Menu Bar Set Up
Next, I set up the blog menu. To do this, you’ll go to the pages tab. I added pages for each topic I thought a teacher would want…home, about us, our classroom, homework, helpful links, and our school. The pages work just like a regular blog post. You can add text, pictures, and even video. Typically, your pages aren’t changing all the time with exception of your home page. That’s where all new blog posts go. You can change the pages though, and a homework page would be a great example where you’d have a student share the date and list all homework assignments for the day. You could certainly use a page for special events your class has participated in (field day, class plays, or field trips) and add photos your class has taken.

Sidebar Gadgets

Blog Button
When you go to the sidebar set up, you’ll see that it has preselected gadgets. You won’t want many of the preselected gadgets showing. To delete them, simply click on edit and click the remove tab. (You can always add them back later if you choose). Then, you will want to add a “blog button”. To create this, just go to Powerpoint: Design: Slide Size: 3 inches x 3 inches. I added a circle with a reddish border, added text boxes for Mrs. Anderson’s and for Fifth Grade Classroom, and added clip art to make it look cute. Again, save as a PNG file. To add it to the blog, go to your sidebar:add gadget:add image:upload the PNG and click “shrink to fit”. You can also link the image to your URL if you like.


2018-05-052b252842529-5275224In addition to the image gadget, I added in the follow by email (parent may like that), search the blog, labels, and popular posts. I set the popular post to 3 and “last 30 days”. Remember from the last blog post that you want to limit the number of labels showing to less than 20. To limit them, click selected labels and then choose the main categories you want on the blog (math, science, social studies, reading, writing, spelling, etc). You can display them in a list or in a cloud, and I would display them in alphabetical order. For the title, you can change the words from labels to Post by Topic.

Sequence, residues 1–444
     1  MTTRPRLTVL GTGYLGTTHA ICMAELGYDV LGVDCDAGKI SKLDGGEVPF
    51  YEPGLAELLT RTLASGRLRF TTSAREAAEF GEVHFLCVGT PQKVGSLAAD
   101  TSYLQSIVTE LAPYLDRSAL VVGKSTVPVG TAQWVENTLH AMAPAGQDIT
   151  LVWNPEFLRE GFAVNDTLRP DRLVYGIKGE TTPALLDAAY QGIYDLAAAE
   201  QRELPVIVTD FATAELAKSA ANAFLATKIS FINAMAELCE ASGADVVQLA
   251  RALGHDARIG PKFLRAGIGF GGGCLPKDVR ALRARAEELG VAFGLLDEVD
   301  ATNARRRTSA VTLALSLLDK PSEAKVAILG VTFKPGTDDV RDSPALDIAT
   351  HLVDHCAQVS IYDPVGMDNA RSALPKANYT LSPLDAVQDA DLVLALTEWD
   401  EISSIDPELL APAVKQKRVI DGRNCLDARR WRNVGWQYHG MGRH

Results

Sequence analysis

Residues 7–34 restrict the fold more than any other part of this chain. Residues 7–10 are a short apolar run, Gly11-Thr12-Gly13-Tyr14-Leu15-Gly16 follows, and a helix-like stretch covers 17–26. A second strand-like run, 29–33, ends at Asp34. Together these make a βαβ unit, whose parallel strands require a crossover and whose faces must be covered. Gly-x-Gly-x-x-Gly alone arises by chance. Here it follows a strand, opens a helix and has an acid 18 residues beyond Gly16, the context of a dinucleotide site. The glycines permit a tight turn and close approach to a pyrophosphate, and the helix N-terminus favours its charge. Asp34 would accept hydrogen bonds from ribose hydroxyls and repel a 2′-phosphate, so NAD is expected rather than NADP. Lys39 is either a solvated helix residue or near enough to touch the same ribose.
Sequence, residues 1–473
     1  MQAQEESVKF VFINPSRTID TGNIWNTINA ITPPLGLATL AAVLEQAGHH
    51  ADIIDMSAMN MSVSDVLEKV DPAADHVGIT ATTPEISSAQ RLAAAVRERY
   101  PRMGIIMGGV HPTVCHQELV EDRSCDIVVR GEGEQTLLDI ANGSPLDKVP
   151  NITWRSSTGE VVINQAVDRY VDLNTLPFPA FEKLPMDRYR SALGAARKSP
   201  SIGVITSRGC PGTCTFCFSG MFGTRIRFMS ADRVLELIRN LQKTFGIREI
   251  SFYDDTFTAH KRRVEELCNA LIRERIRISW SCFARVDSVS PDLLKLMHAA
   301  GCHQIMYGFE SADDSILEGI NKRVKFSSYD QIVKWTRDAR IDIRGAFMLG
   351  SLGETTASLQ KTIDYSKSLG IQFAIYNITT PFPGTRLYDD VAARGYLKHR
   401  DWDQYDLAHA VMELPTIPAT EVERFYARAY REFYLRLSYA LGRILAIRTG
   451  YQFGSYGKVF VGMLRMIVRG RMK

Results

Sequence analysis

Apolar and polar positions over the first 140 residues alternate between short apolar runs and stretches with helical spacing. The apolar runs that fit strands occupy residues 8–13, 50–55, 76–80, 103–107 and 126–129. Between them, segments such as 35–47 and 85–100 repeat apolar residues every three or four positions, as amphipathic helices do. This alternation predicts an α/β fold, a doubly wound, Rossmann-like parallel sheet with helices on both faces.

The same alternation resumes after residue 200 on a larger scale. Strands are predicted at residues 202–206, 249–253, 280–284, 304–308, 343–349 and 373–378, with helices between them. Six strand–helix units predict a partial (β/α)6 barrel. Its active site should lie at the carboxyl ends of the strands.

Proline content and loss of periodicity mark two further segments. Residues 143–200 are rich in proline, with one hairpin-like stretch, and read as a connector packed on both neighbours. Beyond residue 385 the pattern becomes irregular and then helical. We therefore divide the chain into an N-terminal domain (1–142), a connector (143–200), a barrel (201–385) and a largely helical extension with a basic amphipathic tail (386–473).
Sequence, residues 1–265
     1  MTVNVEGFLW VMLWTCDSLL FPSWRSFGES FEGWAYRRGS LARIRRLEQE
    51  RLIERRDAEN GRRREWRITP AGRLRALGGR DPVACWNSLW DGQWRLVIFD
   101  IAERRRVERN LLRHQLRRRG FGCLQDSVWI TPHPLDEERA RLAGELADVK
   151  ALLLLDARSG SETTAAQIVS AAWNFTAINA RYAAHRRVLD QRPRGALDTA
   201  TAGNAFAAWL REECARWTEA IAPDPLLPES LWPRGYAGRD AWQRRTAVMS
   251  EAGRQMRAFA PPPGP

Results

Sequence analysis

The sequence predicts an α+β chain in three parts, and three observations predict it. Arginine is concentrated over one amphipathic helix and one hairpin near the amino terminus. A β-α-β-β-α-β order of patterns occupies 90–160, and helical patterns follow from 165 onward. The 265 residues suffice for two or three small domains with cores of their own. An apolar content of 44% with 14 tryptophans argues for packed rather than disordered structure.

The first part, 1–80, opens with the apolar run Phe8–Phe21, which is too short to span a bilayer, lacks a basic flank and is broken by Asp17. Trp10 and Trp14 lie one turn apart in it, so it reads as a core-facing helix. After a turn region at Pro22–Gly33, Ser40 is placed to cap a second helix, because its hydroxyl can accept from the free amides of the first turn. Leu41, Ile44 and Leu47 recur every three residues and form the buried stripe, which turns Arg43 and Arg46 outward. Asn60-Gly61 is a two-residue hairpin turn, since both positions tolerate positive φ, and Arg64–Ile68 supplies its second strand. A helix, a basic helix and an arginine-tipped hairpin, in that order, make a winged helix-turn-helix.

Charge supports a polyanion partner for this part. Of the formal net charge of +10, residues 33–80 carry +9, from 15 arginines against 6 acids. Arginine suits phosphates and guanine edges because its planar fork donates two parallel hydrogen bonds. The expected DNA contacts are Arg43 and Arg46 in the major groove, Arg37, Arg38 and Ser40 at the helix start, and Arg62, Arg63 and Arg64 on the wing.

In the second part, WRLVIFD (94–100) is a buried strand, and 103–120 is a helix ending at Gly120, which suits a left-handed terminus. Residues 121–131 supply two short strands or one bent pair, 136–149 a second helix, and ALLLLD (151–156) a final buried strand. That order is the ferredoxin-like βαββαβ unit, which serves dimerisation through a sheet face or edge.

For the popular post gadget, I renamed it Blog Archive because you really wouldn’t want certain students to get the impression their posts are more important than others. You can set the number of posts you’d like included, and whether you want just the title and image or even a short snippet of the post. I preferred just title and image. You can also select posts from the full year, last 30 days, or the last week. If you set it at the last year, it won’t change much. I choose the last 30 days for my own blog

Other Gadgets

You are welcome to check out the other gadgets that are available, but use caution in adding too many. Limit just to what you feel adds value to your overall blog look. As you learn, you have the option of custom gadgets using HTML, but I won’t to get into that since this post is for the beginning blogger.

Finished Product:

In case you’re wondering what the final design looks like, here it is. I think it turned out pretty good for a quickly done project:


If your name happens to be Mrs. Anderson and you teach fifth grade, reach out to me and the blog design is all yours. I just need to add you as the administrator. ?

Additional Reading:

Well, we’ve reached the end of line on desigin, and if you’re interested in learning a little more, here are the links to the other posts I’ve done on blogging. If you are blogging with your students, you may want to share the links, use them for modeling, or review them to form your key teaching points. I would begin with a classroom blog first and then branch out to individual blogs later on.

deisgning2byour2bsite2bpin-9849538Keep in mind that blogging is a new adventure. Think of blogging as a blank canvas where you can share your craft, extend learning in your classroom, teach and learn a little design, and most importantly, explore creativity. Your blog design won’t be perfect, but that really doesn’t matter. Just learn as you go. If you need help, search Youtube or Google it. I have learned so much through tutorials I’ve found.


If you have questions, feel free to ask. I’ll do my best to help you out. Good luck on this great adventure.



Carla is a licensed reading specialist with 27 years of experience in the regular classroom (grades 1, 4, and 5), in Title 1 reading, as a tech specialists, and a literacy coach. She has a passion for literacy instruction and meeting the needs of the individual learner.